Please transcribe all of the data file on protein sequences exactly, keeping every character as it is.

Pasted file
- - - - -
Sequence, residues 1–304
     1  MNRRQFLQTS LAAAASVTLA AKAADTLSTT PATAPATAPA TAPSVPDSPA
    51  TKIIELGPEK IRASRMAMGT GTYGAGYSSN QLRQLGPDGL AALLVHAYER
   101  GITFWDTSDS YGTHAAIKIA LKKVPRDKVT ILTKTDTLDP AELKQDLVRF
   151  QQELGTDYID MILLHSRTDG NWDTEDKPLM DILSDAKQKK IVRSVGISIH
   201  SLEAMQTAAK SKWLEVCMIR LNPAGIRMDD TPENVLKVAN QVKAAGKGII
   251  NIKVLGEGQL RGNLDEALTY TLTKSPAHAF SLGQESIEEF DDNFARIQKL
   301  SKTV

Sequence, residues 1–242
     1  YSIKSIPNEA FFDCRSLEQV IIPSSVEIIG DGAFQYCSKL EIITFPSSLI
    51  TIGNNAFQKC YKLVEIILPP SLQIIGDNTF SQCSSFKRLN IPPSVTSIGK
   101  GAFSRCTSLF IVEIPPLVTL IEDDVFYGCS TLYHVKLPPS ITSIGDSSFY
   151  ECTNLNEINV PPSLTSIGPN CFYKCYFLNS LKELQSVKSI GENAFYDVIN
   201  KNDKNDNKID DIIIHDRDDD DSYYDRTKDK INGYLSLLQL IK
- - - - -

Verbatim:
Sequence, residues 1–304
     1  MNRRQFLQTS LAAAASVTLA AKAADTLSTT PATAPATAPA TAPSVPDSPA
    51  TKIIELGPEK IRASRMAMGT GTYGAGYSSN QLRQLGPDGL AALLVHAYER
   101  GITFWDTSDS YGTHAAIKIA LKKVPRDKVT ILTKTDTLDP AELKQDLVRF
   151  QQELGTDYID MILLHSRTDG NWDTEDKPLM DILSDAKQKK IVRSVGISIH
   201  SLEAMQTAAK SKWLEVCMIR LNPAGIRMDD TPENVLKVAN QVKAAGKGII
   251  NIKVLGEGQL RGNLDEALTY TLTKSPAHAF SLGQESIEEF DDNFARIQKL
   301  SKTV

Sequence, residues 1–242
     1  YSIKSIPNEA FFDCRSLEQV IIPSSVEIIG DGAFQYCSKL EIITFPSSLI
    51  TIGNNAFQKC YKLVEIILPP SLQIIGDNTF SQCSSFKRLN IPPSVTSIGK
   101  GAFSRCTSLF IVEIPPLVTL IEDDVFYGCS TLYHVKLPPS ITSIGDSSFY
   151  ECTNLNEINV PPSLTSIGPN CFYKCYFLNS LKELQSVKSI GENAFYDVIN
   201  KNDKNDNKID DIIIHDRDDD DSYYDRTKDK INGYLSLLQL IK